Another wave of pre-crisis private-label residential mortgage-backed securities is coming to the end of the line with substantial losses, according to a Standard & Poor’s report Tuesday.

S&P said it has withdrawn ratings on 2,905 classes of RMBS from 193 transactions issued between 1999 and 2007.

“All of the classes within each of the affected transactions previously carried a rating of D (sf),” the company noted, a rating that generally indicates that the bonds involved have taken a principal writedown.

“Many of the classes are part of transactions that have taken a substantial amount of realized losses, including some where their outstanding balance is currently zero,” S&P said in its report. “Further, we do not expect some of these classes to receive any payments in the future.”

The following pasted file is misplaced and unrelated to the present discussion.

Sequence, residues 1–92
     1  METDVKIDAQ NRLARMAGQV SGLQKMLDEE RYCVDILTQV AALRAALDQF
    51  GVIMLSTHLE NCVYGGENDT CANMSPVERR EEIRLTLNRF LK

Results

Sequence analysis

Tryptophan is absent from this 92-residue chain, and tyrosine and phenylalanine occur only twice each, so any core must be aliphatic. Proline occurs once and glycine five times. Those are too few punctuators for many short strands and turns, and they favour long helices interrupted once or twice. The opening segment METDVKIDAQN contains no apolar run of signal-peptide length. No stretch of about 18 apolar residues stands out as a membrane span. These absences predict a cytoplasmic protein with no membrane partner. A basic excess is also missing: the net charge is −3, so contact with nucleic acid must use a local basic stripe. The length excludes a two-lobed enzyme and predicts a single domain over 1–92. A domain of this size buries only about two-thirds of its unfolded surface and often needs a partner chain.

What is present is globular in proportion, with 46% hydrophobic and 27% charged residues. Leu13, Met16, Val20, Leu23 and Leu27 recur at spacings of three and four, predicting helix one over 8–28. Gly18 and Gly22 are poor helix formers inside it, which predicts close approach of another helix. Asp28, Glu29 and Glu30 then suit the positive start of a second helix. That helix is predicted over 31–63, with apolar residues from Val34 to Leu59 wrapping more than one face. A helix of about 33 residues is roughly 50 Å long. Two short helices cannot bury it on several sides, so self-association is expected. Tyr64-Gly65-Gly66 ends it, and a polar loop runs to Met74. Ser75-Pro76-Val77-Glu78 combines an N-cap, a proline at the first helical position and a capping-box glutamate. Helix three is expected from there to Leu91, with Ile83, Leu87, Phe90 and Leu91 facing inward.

While the company views the RMBS outlook as “stable” given that it views current housing fundamentals as positive, it noted that fundamentals in the sector “still hinge on additional factors, such as the ultimate fate of modified loans, the propensity of servicers to advance on delinquent loans, and liquidation timelines.

“Under our baseline economic assumptions, we expect RMBS collateral quality to improve mildly. However, if a downside scenario were to occur in the U.S. in line with Standard & Poor's forecast, we believe that the credit quality of U.S. RMBS would weaken,” said S&P.

In a “downside scenario,” according to the company, higher defaults, additional shadow inventory and a decline in home purchase activity would push home prices lower again, employment would plateau and then weaken, gross domestic product growth would slow, and 30-year mortgage rates would drop back to 3.5% before stabilizing.

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